Communal Bakery with local Pastry Master
We really thought we had pushed ourselves in the walking of the first couple of days in Beyoglu, but we were lazy bums compared to what lay in store for us on this two day tour. You want to get your body moving again after jet lag? Hire an enthusiastic and ultra-fit tour guide. If you want to take a deep dive in the historic culture of Cappadocia from the Hittites to modern day, hire a university professor. If you want both, then you’d better get Sami! A lifetime of knowledge and 22 years of hiking, rolled into one wonderful package. We’d swear that guy had just as much fun as we did. From our North American perspective, natural forces gave nature the whimsy of Hanna Barbaras’ Flintstones.
Towering windswept rocks and hand-dug cave homes don’t look real, yet people had populated them for over two millennia ��" and still do today. Storage caves first used by the Hittites in the 9th Century B.C. because of their cool constant temperature and low humidity today store the potatoes, lentils and chick peas that feed the nation. We are walking in the origins of reduce, reuse, recycle. Nothing is wasted and nothing is thrown away, right down to the very last pigeon. We saw the pigeon holes carved into the exterior rock, painted with the dyes made from minerals and vegetables to attract them. We heard how they were used as messengers to send warnings from one settlement to the next. We saw how their egg whites had been used to adhere the paint of the frescoed ceilings and walls that adorned the different places of worship. We stood in the kitchen caves, where their meat was cooked, and sat at the tables where these same birds fed the communities.
Early Mosque foreground, Christian Church background.
Room with a View, Upper Cave Dwelling
And over the centuries, as migrating tribes ebbed and flowed, different faiths, different cultures, shared these spaces together. We could see evidence of harmony in the hollowed out churches intertwined with the many mosques. Square cut entries to the Christian homes peppered among the arched stone-cuts that marked the Muslim dwellings. All threaded together by communal baking ovens, shared stables and mutual cultivations.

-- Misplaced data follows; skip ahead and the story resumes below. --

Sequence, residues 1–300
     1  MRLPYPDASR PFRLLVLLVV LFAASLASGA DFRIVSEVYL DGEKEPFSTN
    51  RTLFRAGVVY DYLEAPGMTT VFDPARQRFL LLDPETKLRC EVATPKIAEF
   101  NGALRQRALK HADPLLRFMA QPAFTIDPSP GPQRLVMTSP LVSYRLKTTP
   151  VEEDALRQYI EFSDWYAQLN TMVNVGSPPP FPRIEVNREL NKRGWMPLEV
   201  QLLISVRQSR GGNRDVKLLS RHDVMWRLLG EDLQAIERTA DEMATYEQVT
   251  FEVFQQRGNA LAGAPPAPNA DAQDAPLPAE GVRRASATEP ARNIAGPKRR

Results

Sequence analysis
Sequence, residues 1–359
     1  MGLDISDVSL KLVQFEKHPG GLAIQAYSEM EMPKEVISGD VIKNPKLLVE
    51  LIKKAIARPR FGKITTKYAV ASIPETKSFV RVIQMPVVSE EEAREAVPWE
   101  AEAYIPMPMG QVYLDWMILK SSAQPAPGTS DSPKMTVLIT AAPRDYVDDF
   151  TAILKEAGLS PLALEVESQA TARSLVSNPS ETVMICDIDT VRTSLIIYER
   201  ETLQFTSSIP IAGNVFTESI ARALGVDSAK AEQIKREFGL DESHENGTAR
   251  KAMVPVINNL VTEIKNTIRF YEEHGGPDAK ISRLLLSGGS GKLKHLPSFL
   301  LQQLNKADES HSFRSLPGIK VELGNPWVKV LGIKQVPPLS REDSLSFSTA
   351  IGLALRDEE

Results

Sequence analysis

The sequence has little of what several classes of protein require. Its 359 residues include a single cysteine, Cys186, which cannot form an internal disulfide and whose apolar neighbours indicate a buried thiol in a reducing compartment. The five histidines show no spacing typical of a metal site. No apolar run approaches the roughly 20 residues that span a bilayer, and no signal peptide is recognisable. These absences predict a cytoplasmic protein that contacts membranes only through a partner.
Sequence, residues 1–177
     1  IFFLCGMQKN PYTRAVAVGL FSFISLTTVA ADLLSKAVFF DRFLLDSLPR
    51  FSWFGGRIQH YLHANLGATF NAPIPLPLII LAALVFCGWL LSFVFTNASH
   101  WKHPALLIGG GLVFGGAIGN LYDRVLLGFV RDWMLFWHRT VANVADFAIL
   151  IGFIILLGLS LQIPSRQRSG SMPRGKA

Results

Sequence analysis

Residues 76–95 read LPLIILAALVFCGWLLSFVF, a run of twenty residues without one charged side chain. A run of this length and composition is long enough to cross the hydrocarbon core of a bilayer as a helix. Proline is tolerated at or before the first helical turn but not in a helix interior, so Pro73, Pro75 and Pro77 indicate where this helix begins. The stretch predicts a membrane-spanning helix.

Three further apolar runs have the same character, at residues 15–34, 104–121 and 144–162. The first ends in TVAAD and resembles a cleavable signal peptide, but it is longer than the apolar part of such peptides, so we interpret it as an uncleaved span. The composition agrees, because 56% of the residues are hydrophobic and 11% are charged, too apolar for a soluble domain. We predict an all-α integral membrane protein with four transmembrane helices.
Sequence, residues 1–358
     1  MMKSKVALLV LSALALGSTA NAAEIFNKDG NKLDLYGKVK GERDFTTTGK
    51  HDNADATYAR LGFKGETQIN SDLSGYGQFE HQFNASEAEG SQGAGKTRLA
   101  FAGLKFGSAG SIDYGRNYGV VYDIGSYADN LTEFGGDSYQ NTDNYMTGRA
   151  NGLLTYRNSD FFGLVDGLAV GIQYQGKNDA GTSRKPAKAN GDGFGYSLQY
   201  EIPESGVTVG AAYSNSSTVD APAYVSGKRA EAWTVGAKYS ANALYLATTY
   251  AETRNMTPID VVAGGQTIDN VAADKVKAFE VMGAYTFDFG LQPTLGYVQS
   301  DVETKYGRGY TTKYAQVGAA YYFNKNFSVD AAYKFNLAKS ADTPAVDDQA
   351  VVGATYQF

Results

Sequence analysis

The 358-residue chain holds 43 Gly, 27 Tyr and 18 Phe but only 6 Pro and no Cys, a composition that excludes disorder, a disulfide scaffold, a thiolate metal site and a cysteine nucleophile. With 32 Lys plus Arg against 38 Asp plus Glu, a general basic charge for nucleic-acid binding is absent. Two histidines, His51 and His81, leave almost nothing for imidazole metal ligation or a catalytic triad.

The cave dwellings provided not just shelter, but security as well. For many centuries, until the inhabitants felt secure, the caves had no windows, entries and exits were concealed.
At the first sight of advancing forces, the entire population would disappear into the rock with enough stored food and water to survive for up to a month, every sign of their existence hidden from potential intruders. Different cave communities were connected by subterranean tunnels. Stored food could be shared, tribes could stay connected, life would go on until the invaders above eventually went away.
Sample of Earliest Preserved Frescos, Time of St. Paul
What worked then, still works today. Modern adjustments take care to use what the natural world gives it so yesterday’s linseed oil lamps give way to today’s electric light, powered by solar panels. Air conditioning stays unchanged ��" the cave’s constant temperature keeps one cool in the summer and warm in the winter.
Absent the necessary window panes, satellite dishes, and occasional driveway, the caves not endangered by erosion are in use as much today as they have been throughout the centuries.
Doll Makers at Work Outside Cave Dwelling
Cappadocia isn’t all a canvas of caves and caverns ��" it is a multi-coloured pattern of artisans, merchants, cafés and modern day village life. We visited a family owned pottery, housed in ancient caves, where we watched painters execute intricate glazes, tried our own hand at the pottery wheel and toured their stunning showrooms. Actually, we toured a lot of showrooms; stone cutters, rug makers, jewelry makers, wineries and endless market stalls that ringed every stop along our way. We gathered bread from the communal ovens, sat for lunch under farm field trees, picked apricots from the orchards and dined with the locals.
We visited a folk dancing festival ��" again, you guessed it, in a cave, and sat one early morning, high upon a cliff terrace watching balloon riders float from the distance to right over our heads.
Unique Rock Formations Housing Connected Webs of Cave Dwellings
Sami filled our heads, our eyes, our ears and our stomachs. The level of detail is as hard to compress into this story as Maureen’s height was to curl into the caves and up through the tunnels. Cappadocia was a must-see magical adventure, and we were happily along for the ride.